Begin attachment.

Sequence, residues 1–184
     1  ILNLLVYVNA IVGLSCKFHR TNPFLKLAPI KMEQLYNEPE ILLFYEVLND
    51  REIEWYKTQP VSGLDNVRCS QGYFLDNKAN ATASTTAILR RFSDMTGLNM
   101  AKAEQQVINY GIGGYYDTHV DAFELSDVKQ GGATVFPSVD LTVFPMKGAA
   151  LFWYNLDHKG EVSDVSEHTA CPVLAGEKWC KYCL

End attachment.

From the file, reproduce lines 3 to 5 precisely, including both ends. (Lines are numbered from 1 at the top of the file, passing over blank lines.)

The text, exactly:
    51  REIEWYKTQP VSGLDNVRCS QGYFLDNKAN ATASTTAILR RFSDMTGLNM
   101  AKAEQQVINY GIGGYYDTHV DAFELSDVKQ GGATVFPSVD LTVFPMKGAA
   151  LFWYNLDHKG EVSDVSEHTA CPVLAGEKWC KYCL